Checking for Viable Pregnancy

QUESTION

Dear Midwife,
In December I did a pregnancy test and it was positive. Because of the holidays my doctor couldn't get me in till February 5th. The night of February 4th I started to bleed. It was a dark red for a bit, but then it went to a light pink. I was scared.

My grandmother took me to the ER. They did a urine test, blood work, a ultrasound, and a pelvic exam. After a very long wait a doctor came in and told us that he thinks that I had miscarried since they couldn't find a heartbeat. He told me to wait a week and see if they could fine a heartbeat at the next ultrasound.

I have been told that since they had me pee in the cup when I arrived, and didn't have anything to drink while I was there, that there wasn't enough water in my bladder so that the heartbeat could be heard. Is this true? Please help give me some closure. My family and I are so scared that I lost the baby.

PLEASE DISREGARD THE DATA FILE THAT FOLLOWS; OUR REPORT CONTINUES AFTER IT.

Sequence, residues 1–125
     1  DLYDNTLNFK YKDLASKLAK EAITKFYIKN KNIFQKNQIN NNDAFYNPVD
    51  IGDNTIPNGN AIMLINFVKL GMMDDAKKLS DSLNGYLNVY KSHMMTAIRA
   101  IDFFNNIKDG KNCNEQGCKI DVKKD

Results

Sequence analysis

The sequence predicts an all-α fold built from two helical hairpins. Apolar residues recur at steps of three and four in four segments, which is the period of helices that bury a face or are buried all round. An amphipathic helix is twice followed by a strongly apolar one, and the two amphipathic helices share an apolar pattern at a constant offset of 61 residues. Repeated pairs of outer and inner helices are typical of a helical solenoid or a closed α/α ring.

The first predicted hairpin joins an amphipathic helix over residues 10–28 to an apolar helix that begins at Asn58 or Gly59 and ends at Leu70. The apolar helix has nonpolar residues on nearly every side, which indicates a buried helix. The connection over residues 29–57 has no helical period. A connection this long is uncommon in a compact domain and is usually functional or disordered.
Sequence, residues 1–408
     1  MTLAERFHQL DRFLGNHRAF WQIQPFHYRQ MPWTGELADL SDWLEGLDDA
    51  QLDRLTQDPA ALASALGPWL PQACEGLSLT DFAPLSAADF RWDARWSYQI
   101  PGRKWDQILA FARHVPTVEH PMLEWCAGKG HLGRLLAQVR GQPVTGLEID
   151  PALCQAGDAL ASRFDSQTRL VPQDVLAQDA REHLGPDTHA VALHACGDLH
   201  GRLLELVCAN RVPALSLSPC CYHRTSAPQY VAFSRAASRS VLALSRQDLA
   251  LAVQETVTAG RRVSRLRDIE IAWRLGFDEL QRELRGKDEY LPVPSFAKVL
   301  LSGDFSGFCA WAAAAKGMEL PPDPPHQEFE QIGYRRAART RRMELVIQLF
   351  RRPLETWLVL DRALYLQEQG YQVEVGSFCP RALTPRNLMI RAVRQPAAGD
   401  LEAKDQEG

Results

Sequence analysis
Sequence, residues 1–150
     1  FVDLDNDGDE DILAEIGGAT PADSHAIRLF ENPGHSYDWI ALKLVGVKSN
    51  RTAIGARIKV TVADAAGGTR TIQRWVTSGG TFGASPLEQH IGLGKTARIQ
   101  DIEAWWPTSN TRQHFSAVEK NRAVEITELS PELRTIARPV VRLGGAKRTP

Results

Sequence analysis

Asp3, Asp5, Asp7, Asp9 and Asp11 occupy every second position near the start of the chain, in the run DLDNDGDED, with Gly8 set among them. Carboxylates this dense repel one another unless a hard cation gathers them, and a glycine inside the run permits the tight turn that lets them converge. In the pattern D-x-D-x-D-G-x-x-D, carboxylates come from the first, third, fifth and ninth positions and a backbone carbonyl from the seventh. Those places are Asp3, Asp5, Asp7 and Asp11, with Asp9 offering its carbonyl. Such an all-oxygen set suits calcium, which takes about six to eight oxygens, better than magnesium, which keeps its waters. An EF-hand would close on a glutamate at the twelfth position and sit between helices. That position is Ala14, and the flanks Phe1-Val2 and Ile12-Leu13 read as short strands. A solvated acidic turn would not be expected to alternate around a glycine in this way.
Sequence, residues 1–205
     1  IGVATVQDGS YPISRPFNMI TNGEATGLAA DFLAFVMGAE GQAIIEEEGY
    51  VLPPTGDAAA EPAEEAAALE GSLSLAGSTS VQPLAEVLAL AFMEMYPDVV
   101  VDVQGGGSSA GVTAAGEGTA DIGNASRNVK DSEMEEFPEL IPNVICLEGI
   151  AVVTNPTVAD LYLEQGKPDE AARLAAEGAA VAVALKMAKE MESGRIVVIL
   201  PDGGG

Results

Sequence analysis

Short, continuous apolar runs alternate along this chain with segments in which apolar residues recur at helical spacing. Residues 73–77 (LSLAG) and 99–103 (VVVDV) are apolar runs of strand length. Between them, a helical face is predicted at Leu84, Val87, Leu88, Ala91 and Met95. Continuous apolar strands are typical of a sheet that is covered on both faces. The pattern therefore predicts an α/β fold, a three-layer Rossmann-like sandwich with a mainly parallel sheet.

ANSWER

Since this was an early pregnancy, did they do the ultrasound on your abdomen, or did they go in through your vagina? If it was vaginal, you don't need water in your bladder for the test to be accurate. But I agree with them, it may be too soon to tell for sure what is going on. It is best to have a second check to be sure, unless your urine pregnancy test changes to "negative."

I am SO sorry that you are having to go through this, and hope that one way or another, you will have a successful pregnancy soon.

--Cynthia, CNM. PhD.

Cynthia Flynn

Cynthia Flynn, CNM. PhD, is the General Director of the Family Health and Birth Center which provides prenatal, birth, postnatal, gynecological and primary health care to underserved women and their families in Washington, D.C. Recently Cynthia served as Associate Professor of Nursing at Seattle University. There she not only taught, but remained in full scope clinical midwifery practice at Valley Medical Center where she cared for pregnant and birthing women, and practices well-woman gynecology, family planning, and treatment of sexually transmitted diseases.

Cynthia founded Columbia Women's Clinic and Birth Center, where she took care of pregnant women and infants up to two weeks of age and attended both birth center and hospital births. Before Cynthia earned her CNM, she worked as a registered nurse in labor and delivery and postpartum and is a certified Doula and Doula trainer.